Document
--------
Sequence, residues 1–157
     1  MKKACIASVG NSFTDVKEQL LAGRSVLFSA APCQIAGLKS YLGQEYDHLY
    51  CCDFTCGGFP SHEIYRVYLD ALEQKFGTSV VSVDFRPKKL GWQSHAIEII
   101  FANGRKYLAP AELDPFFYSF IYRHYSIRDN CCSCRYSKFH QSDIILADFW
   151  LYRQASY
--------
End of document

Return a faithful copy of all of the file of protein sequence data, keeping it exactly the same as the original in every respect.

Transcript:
Sequence, residues 1–157
     1  MKKACIASVG NSFTDVKEQL LAGRSVLFSA APCQIAGLKS YLGQEYDHLY
    51  CCDFTCGGFP SHEIYRVYLD ALEQKFGTSV VSVDFRPKKL GWQSHAIEII
   101  FANGRKYLAP AELDPFFYSF IYRHYSIRDN CCSCRYSKFH QSDIILADFW
   151  LYRQASY